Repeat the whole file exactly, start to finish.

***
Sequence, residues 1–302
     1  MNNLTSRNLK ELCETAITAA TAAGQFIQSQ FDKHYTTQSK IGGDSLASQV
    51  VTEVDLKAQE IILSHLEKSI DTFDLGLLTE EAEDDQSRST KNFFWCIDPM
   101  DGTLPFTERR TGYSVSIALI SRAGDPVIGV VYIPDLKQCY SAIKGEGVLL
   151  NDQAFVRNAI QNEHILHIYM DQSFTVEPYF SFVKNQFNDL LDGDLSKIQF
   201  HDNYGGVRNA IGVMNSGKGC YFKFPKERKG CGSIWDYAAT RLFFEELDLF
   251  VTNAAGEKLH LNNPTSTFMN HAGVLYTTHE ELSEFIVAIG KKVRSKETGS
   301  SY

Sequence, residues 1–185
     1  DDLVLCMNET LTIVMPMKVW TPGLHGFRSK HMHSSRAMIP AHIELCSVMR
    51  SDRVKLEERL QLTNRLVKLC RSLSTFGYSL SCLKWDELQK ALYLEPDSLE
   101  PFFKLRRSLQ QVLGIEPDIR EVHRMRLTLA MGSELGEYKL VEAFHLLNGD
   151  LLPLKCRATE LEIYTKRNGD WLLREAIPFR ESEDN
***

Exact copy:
Sequence, residues 1–302
     1  MNNLTSRNLK ELCETAITAA TAAGQFIQSQ FDKHYTTQSK IGGDSLASQV
    51  VTEVDLKAQE IILSHLEKSI DTFDLGLLTE EAEDDQSRST KNFFWCIDPM
   101  DGTLPFTERR TGYSVSIALI SRAGDPVIGV VYIPDLKQCY SAIKGEGVLL
   151  NDQAFVRNAI QNEHILHIYM DQSFTVEPYF SFVKNQFNDL LDGDLSKIQF
   201  HDNYGGVRNA IGVMNSGKGC YFKFPKERKG CGSIWDYAAT RLFFEELDLF
   251  VTNAAGEKLH LNNPTSTFMN HAGVLYTTHE ELSEFIVAIG KKVRSKETGS
   301  SY

Sequence, residues 1–185
     1  DDLVLCMNET LTIVMPMKVW TPGLHGFRSK HMHSSRAMIP AHIELCSVMR
    51  SDRVKLEERL QLTNRLVKLC RSLSTFGYSL SCLKWDELQK ALYLEPDSLE
   101  PFFKLRRSLQ QVLGIEPDIR EVHRMRLTLA MGSELGEYKL VEAFHLLNGD
   151  LLPLKCRATE LEIYTKRNGD WLLREAIPFR ESEDN